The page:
UK Politics

Coalition can be tedious, says minister Michael Fallon

Michael Fallon Image copyright PA
Image caption Michael Fallon, a Conservative MP, works for two Lib Dem secretaries of state

Conservative minister Michael Fallon has said being in coalition can be tedious and time-consuming.

Mr Fallon told the House magazine there were "an awful lot of people to be consulted" but praised the Lib Dems for sticking to the deficit plan.

His dual roles as both an energy and business minister mean he works for two Lib Dem secretaries of state.

He also said that fracking, the process of extracting natural gas and oil from shale rock, was "very exciting".

Mr Fallon was brought in as energy minister in March to replace his Conservative colleague John Hayes - who had had high-profile differences with Lib Dem Energy Secretary Ed Davey, notably over onshore wind turbines.

'Fair play to Lib Dems'

In his interview, Mr Fallon told the parliamentary magazine: "Life would be a lot easier if we didn't have the coalition.

"The process of coalition for both sides is time-consuming, bits of it can be tedious, there are an awful lot of people to be consulted, getting agreement across Whitehall is made doubly difficult by the coalition.

"But then if we didn't have the coalition we would be stuck with the rest of Europe, way behind on our fiscal plan.

"The great strength of the coalition is that it is a five-year programme which we have stuck to, of getting the deficit down. Fair play to the Liberal Democrats, they have never wavered in that central purpose."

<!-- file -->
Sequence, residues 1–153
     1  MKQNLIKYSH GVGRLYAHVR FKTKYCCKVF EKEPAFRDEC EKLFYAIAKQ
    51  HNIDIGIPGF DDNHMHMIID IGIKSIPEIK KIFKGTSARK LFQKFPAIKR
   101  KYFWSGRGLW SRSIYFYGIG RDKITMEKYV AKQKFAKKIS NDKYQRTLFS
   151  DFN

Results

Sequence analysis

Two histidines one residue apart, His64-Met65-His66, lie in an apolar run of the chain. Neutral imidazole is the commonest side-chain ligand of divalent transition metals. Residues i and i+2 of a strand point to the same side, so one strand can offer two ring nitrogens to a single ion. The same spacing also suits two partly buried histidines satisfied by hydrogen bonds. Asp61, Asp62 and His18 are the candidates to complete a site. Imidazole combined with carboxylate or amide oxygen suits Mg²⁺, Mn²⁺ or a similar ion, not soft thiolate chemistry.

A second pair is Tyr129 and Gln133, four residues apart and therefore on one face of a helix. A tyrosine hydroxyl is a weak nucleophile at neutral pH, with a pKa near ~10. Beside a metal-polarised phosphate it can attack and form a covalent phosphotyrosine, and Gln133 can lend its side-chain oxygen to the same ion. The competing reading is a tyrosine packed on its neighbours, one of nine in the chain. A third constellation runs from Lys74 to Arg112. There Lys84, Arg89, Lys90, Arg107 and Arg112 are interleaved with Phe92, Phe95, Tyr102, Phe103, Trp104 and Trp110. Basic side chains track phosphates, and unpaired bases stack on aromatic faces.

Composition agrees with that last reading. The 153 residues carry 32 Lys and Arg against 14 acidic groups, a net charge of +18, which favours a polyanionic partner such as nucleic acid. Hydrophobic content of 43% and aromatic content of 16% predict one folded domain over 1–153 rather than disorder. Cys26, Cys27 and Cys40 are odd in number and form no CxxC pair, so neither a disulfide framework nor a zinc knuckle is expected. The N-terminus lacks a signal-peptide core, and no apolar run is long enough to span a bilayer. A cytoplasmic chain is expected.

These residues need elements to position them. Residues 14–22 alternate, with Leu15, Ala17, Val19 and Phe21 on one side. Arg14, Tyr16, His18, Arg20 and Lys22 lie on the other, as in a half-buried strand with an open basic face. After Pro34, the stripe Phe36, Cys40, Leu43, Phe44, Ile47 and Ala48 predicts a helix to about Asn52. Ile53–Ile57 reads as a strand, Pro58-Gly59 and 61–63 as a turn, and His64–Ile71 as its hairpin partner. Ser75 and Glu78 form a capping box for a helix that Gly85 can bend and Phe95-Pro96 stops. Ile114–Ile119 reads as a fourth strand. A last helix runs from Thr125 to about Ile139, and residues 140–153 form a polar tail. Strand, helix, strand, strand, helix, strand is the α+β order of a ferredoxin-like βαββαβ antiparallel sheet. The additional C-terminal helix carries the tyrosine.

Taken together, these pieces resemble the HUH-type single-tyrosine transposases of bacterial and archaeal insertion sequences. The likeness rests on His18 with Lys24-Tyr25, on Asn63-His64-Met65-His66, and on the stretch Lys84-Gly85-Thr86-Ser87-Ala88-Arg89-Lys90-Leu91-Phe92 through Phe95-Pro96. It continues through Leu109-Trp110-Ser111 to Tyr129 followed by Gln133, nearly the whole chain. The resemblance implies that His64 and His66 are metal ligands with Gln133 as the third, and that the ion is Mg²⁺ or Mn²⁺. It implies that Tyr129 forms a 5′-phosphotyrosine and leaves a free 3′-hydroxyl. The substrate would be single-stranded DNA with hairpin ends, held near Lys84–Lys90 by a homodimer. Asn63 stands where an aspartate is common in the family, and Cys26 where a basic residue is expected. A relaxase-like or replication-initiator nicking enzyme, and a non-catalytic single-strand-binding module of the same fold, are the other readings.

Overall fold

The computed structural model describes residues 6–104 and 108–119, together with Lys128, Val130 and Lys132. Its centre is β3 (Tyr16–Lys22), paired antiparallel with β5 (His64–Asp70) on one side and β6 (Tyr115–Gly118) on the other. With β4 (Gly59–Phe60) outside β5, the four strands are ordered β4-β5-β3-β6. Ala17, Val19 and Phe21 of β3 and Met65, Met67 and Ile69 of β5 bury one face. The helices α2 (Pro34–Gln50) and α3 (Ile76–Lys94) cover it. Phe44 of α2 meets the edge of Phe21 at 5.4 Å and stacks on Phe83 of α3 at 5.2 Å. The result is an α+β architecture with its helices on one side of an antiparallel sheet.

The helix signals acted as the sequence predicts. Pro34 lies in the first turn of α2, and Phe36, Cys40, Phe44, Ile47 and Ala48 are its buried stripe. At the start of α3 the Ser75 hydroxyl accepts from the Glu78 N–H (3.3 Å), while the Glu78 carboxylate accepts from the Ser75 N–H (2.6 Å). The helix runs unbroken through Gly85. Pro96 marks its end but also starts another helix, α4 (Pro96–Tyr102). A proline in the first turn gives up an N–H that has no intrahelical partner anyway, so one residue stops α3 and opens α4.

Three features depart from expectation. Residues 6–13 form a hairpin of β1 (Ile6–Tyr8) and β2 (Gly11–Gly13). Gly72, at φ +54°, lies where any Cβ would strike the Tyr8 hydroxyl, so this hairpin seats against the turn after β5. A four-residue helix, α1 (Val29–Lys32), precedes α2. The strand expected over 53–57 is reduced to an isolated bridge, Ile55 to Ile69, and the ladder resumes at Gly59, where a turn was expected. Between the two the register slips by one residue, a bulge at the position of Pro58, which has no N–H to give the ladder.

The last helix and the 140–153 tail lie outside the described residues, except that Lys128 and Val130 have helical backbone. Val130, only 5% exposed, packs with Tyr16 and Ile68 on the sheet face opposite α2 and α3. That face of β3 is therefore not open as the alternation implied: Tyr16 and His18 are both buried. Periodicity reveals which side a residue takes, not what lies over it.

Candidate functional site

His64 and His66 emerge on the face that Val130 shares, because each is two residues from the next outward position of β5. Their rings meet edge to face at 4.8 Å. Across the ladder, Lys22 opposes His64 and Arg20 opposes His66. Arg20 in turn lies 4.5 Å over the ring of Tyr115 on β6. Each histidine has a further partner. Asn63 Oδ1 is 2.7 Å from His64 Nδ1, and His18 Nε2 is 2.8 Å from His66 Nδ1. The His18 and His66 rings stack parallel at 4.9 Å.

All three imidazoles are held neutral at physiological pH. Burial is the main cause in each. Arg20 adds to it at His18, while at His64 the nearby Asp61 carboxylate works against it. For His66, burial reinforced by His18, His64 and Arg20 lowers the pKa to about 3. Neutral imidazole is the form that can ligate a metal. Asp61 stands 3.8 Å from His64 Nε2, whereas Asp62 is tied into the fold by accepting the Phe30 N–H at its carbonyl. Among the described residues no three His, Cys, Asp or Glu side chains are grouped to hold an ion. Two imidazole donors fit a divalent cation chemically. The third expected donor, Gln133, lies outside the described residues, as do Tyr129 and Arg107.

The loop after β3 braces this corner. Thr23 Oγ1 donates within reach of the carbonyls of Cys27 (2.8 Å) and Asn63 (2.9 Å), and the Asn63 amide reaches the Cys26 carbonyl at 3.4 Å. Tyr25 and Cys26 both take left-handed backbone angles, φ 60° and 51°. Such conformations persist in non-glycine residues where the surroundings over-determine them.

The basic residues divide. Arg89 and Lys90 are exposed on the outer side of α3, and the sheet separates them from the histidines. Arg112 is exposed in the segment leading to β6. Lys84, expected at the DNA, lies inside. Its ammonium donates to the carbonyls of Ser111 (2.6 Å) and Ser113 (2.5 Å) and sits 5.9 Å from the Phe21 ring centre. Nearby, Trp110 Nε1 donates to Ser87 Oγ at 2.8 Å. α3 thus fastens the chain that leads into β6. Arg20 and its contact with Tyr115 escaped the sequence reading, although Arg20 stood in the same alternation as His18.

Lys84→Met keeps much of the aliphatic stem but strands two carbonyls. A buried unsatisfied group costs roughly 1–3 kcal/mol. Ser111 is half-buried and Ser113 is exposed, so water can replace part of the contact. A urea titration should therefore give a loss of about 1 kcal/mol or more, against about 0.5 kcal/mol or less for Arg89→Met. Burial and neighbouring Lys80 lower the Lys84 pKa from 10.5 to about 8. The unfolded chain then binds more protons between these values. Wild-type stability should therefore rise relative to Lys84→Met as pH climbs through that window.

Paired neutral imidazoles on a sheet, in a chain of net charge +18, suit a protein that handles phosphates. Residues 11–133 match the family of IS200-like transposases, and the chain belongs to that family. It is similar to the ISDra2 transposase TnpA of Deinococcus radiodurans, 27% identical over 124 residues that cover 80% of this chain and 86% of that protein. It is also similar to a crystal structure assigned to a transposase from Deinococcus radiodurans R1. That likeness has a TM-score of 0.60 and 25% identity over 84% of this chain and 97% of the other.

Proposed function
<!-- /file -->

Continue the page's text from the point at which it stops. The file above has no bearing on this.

He also said he had had a "lot of help" at the energy and business departments to cope with having two jobs, but did not have time for lunch.

"It means you just have to focus on what's essential. I've shortened meetings," he said. "There's no need to have hour-long meetings."

On the controversial process of fracking, the energy minister said the possibilities were "very exciting" and it was important that Europe did not lose manufacturing to the US, where shale gas had "dramatically lowered the cost of energy for industry".

Fracking, or hydraulic fracturing, is used across the US to exploit reserves of oil and gas that were once believed to be inaccessible. But in the UK, the use of fracking was halted in 2011.

'Open for business'

After several reports into the incidents, the government announced in December that it would lift the temporary ban.

This week one of the energy firms hoping to exploit the UK's resources of shale gas, IGas, said it may be sitting on significantly more gas than previously thought.

Mr Fallon said he wanted to "inject more pace" into fracking and fiscal incentives for small firms would be in the chancellor's Autumn Statement, to take effect from April 2014.

He said they did not yet know whether it was "technically and economically possible to extract shale in the same way as they have in the States" but added: "We're open for business and there's a very robust regulatory regime in place.

"They know what they have to do, they know the permissions they need, there's nothing stopping these companies now getting on and exploring."

He denied it was a "party political thing" - arguing there were Conservative-held seats in Lancashire and Yorkshire that could be affected - and said potentially, a lot of jobs could be created.

The UK already had strict controls on water contamination and methane emissions and there would be "five locks to ensure that shale exploration is going to be safe and responsible", Mr Fallon added.

The government was working with companies on a "package of community benefits" for areas affected by construction - such as a potential reduction in energy bills locally, he said.

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